When it comes to community health care, you’ve got to meet people where they are, which is why, in 2015, the College of Charleston Women’s Health Research Team (WHRT) set about finding just where that was. 

To learn how best to serve the needs of women in rural parts of South Carolina through telehealth services, the WHRT conducted in-depth interviews with 52 women about what they wanted and needed from telehealth and where they wanted to access it. 

“What they wanted was a confidential, convenient opportunity to get telehealth services as an extension of their everyday care,” says Beth Sundstrom, associate professor of communication and WHRT director. “And they wanted it at an established, neutral community location – their local public library.” 

Those findings not only helped inform the 2016 S.C. Telemedicine Act authorizing the practice of telemedicine in the state, but also provided the foundation for the WISE (Women in the South-East) Telehealth Network, which – thanks to a grant from the South Carolina Center for Rural and Primary Healthcare and partnerships with the Charleston County Public Library System, the Medical University of South Carolina and the S.C. Department of Health and Environmental Control – was established in 2021 to improve women’s health and wellbeing through telehealth appointments at local libraries and the Mobile Library in the rural Lowcountry.  

With a health worker rotating on site at libraries, WISE provides health education and referrals to connect women and their families with community and social resources – and, so far, it has been very well received.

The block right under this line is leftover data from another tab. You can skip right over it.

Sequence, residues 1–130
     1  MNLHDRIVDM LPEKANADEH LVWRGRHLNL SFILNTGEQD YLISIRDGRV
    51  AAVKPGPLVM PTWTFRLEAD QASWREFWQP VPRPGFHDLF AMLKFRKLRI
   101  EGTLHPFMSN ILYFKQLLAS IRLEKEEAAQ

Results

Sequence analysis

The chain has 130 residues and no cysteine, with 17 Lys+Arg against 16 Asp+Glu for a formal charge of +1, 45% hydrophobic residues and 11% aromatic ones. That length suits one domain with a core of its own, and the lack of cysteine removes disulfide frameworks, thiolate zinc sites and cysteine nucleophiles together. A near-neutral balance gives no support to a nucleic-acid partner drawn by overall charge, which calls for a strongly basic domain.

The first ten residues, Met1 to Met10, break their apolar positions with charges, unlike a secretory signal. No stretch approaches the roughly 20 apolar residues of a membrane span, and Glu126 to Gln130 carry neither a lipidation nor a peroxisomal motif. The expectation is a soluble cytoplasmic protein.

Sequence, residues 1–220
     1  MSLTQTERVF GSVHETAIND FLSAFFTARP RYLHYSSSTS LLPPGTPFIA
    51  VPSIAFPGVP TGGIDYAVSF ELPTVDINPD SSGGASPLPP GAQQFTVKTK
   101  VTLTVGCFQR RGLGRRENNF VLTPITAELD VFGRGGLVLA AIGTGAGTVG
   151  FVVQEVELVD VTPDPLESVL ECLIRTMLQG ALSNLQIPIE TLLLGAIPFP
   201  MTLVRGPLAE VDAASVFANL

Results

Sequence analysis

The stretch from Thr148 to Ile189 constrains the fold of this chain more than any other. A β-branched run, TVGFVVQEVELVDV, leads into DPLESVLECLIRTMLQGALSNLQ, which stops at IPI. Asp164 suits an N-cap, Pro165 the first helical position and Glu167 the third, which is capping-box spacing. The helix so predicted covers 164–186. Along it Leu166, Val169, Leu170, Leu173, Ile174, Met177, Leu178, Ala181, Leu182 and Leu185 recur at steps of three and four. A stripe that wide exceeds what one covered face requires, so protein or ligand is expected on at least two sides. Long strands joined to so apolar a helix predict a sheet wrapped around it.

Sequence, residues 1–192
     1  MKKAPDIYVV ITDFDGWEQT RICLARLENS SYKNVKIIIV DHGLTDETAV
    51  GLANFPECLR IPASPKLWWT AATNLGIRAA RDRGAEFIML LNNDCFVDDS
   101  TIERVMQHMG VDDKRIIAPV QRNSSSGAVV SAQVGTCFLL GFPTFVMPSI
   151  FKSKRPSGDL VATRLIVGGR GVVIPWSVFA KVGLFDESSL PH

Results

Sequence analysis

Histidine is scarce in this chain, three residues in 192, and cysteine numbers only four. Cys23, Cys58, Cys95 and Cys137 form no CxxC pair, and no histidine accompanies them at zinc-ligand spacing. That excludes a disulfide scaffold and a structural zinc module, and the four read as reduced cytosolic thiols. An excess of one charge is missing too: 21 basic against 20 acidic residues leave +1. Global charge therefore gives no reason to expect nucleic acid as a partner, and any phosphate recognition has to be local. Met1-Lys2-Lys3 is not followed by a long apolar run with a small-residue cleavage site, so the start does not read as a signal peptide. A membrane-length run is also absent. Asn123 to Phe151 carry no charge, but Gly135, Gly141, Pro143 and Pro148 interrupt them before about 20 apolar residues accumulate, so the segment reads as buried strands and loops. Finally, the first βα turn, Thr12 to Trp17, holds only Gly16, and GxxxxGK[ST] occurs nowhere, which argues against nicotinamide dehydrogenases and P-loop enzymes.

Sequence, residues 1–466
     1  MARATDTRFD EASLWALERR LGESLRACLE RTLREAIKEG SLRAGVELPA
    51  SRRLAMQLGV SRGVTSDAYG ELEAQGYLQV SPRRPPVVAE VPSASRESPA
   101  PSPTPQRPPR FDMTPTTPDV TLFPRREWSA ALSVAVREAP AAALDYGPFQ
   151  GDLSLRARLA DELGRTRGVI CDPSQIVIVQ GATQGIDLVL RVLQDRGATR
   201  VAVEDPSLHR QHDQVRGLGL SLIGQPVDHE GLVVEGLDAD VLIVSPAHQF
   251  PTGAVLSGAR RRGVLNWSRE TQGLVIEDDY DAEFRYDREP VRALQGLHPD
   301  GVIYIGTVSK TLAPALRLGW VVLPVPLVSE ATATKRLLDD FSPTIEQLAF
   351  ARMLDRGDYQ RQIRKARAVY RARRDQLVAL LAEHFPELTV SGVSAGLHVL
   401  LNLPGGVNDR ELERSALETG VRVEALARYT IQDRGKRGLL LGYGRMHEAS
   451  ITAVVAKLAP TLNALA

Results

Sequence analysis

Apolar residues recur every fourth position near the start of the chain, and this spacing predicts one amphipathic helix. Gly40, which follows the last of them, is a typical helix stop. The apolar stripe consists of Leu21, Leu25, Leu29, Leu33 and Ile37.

Junior psychology major Shira Finke – whose project, “Evaluating the WISE Telehealth Network,” was funded through a Summer Undergraduate Research with Faculty (SURF) grant – attributes that success to the thorough formative audience research that was done preliminarily.  

“I learned how important it is to conduct background research on who you want to serve, instead of assuming what their needs are,” says the Honors student. “Going in person to communities to discuss WISE was the most impactful thing I contributed. Health care can be intimidating and confusing, so I could tell how important it was to have someone there to make it feel approachable.” 

Utilizing her Spanish-speaking skills, sophomore Honors student Liza Malcolm also found the site visits and interacting with the women to be particularly rewarding. 

“It was cool to communicate with women we might not have otherwise been able to reach,” says the international studiespublic health double major who co-authored a research manuscript currently under review at an academic journal, as well. “I feel that co-authoring a publication has equipped me with many important research skills that will come in handy in future academic and research experiences I hope to pursue.” 

Those experiences, she hopes, will ultimately result in a career in women’s and children’s health – just what Sundstrom likes to hear. 

“The Women’s Health Research Team offers academic and practical experiences that provide transferable skills students can translate to any future educational and career goals,” she says. “I think that what’s really special about the WHRT is that it provides an innovative interdisciplinary research experience in collaboration with community partners: Students are able to participate in conceptualizing an idea, implementing research design and methodology, analyzing data and evaluating community-based public health interventions and communication campaigns to improve them.” 

As future leaders, they’re a big part of the village it takes to deliver the best public health solutions possible for the community. 

“I’m so excited by the amazing partnerships I got to see WISE form with various health care providers in the community,” says Finke. “It gives me hope that one day health care can be easily navigated and accessed by anyone who needs it.”